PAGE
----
Thursday, July 21, 2011

ASEAN focused on territory

The disputed territory in the Spratlys, a chain of islets in the South China Sea. Photo: AFP
Article from JoongAngIlbo.
Japan really should stop acting like a kid who snatched some other kid's toy and after it being taken from him, throws a tantrum.

The main focus of the Asean Regional Forum (ARF), which begins today in Bali, will be the South China Sea, over which territorial disputes are growing.

And Seoul will be putting its own territorial sovereignty issue - the Dokdo islets - on the agenda at the ARF, Asia’s largest annual security gathering.

Foreign Minister Kim Sung-hwan will meet his Japanese counterpart Takeaki Matsumoto on several occasions during the event and try to convey Seoul’s discontent with Tokyo’s recent “provocation” over Dokdo, Korea’s easternmost islets, according to Seoul officials.

“We will certainly make the case over the Dokdo issue based on our previous stances at the ARF,” said a high-ranking official of the Ministry of Foreign Affairs and Trade yesterday.

On Monday, Japan implemented a directive to its diplomats to refrain from taking flights on Korean Air for one month in protest of the Korean airline’s test flight of its new Airbus A380 over Dokdo, a punitive measure Japanese media called unprecedented action to be taken against a private company.

Japanese lawmakers plan to visit Ulleung Island, the closest Korean territory to Dokdo, next month, allegedly to make an issue over Dokdo.

Dokdo, which Japan refers to as Takeshima, has been under the effective rule of Korea except for several decades in the first half of the 1900s, when Japan occupied Korea. Japan has intensified its challenge over the islets in particular after territorial disputes with China and Russia worsened last year.

Seoul officials said with the boycott of Korean Air, Japan is turning its back on the respect that the international community has for the country and is losing more than gaining from the boycott.

The Ulleung Island visit could worsen relations between the two countries, they said. “Some say we should take their visit as an opportunity to show them Dokdo belongs to Korea and the government actually is considering that option,” said a Foreign Ministry official.

The three-day ARF, which brings together the foreign ministers of 27 Asian and Pacific countries, including North Korea, has focused during the last several years on the North’s nuclear capabilities.

Last year, Seoul sought to adopt a resolution condemning the sinking of the South Korean warship Cheonan, but many Asean members were reluctant to do so. This time, according to the senior Foreign Ministry official, Seoul will focus more on cooperation issues than North Korean issues.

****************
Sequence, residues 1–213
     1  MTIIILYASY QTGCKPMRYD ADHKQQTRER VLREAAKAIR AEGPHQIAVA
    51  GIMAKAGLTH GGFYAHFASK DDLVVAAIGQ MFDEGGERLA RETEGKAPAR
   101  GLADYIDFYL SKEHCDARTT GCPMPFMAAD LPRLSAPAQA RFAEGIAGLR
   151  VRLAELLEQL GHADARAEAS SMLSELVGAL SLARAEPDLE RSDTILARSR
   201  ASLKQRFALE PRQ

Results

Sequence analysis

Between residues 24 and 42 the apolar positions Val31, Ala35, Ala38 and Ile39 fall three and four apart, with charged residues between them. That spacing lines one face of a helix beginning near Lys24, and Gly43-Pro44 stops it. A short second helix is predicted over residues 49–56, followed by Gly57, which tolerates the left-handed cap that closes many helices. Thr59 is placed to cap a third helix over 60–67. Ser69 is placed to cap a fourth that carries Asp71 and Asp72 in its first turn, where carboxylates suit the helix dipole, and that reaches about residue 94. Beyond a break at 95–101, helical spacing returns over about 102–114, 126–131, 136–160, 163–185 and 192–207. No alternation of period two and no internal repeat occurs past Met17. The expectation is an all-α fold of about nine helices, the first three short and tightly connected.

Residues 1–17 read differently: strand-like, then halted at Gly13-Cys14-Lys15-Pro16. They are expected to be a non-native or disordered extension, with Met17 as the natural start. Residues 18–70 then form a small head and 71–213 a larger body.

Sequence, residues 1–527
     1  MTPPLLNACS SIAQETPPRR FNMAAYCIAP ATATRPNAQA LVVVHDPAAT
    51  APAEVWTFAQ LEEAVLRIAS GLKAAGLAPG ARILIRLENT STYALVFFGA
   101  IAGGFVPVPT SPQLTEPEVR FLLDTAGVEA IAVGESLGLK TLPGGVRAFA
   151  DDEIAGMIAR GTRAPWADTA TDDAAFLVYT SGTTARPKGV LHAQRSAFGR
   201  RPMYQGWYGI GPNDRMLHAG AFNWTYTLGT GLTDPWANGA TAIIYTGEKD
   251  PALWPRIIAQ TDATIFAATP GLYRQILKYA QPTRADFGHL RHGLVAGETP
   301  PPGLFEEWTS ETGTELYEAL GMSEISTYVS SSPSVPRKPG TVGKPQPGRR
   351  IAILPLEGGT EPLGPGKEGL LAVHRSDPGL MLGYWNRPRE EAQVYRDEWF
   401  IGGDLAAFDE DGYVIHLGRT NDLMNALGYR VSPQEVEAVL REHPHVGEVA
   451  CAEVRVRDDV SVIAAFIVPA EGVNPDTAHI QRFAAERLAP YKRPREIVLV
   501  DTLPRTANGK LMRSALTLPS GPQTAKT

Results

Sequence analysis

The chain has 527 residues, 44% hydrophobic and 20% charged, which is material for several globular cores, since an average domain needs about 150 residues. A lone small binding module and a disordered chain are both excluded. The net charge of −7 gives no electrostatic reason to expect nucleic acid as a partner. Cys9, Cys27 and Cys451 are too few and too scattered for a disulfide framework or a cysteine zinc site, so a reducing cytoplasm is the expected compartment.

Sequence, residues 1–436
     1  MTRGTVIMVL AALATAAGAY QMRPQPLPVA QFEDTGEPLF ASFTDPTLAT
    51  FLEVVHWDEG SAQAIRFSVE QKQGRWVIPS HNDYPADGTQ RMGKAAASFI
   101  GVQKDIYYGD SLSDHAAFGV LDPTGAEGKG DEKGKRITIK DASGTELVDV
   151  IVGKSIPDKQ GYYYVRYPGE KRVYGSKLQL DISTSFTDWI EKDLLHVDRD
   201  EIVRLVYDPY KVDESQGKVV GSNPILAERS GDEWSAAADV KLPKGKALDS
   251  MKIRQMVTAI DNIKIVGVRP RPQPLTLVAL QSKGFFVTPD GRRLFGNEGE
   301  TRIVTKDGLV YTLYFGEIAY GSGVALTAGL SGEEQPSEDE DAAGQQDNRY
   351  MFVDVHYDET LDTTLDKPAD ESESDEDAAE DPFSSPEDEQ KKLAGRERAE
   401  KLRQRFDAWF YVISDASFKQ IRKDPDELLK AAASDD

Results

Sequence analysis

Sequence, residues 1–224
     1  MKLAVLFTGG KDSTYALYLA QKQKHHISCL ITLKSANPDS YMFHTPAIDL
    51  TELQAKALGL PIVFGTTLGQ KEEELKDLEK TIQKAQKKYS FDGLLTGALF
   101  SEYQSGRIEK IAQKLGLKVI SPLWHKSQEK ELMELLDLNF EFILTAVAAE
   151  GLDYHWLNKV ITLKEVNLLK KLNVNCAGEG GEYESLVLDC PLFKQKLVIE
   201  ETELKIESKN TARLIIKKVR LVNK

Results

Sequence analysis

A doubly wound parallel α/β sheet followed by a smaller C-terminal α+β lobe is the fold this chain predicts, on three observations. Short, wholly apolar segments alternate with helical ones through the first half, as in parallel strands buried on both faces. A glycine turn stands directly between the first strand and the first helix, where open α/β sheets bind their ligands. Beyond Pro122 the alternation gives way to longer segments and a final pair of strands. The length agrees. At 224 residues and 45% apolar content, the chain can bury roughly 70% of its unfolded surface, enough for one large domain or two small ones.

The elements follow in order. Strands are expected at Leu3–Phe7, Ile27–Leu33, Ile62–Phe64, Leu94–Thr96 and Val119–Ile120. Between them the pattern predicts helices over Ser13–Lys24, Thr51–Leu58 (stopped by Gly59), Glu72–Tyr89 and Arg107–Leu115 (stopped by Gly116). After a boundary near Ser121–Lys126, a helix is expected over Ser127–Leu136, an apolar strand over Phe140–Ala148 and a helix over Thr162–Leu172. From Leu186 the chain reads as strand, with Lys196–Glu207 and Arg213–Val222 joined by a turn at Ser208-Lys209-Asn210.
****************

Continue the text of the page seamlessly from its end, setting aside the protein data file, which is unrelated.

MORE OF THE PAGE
By Moon Gwang-lip []

And China part:

THE bitter stoush over territorial rights to islands in the South China Sea could yet steal the agenda at a key regional security summit that will for the first time include the US and Russia.
Foreign Minister Kevin Rudd yesterday praised talks in Bali between China and south-east Asian countries that this week produced a loose diplomatic accord to guide future action in the disputed Spratly Islands.
China claims ownership over the entire archipelago - thought to be rich in natural resources - dismissing competing claims by the Philippines, Vietnam, Brunei and Malaysia.
Mr Rudd said the issue had great importance to Australia and the global economy because of the amount of goods shipped through the disputed waters. ''A huge proportion of world trade flows through the waters of the South China Sea,'' he said.
Mr Rudd said the expansion of the East Asia Summit to include the US and Russia was a critical development for regional security.

But he refused to be drawn on the prospect of the regime in Burma hosting the meeting in three years. A committee from the Association of South-East Asian Nations has been asked to judge Burma's suitability to chair the meeting.
He said ''wise statesmanship'' had been shown in striking the deal, with all countries having an interest in ensuring a peaceful regime for managing the strategic waterways.
Diplomats were yesterday hopeful the agreement with China would be enough to keep the issue from dominating the agenda at today's meeting of east Asian foreign ministers.
US Secretary of State Hillary Clinton and Russian Foreign Minister Sergey Lavrov will join the meeting for the first time. The US and Russian presidents will attend a full summit of regional leaders in November.
China earlier hailed the code of conduct agreed on with the south-east Asian nations as a milestone in the dispute over the Spratlys.
But the Philippines' Foreign Secretary, Albert del Rosario, was critical of the deal, saying it needed ''more teeth''.

A group of Philippine politicians made a provocative visit to one of the disputed islands on Wednesday - the same day as the meeting with China - calling it a ''sovereignty mission''.
Mr del Rosario said the US had given the Philippines its backing in the dispute as part of a mutual defence pact between the two countries. But the Philippines still signed the agreement with China as a display of solidarity with other south-east Asian nations.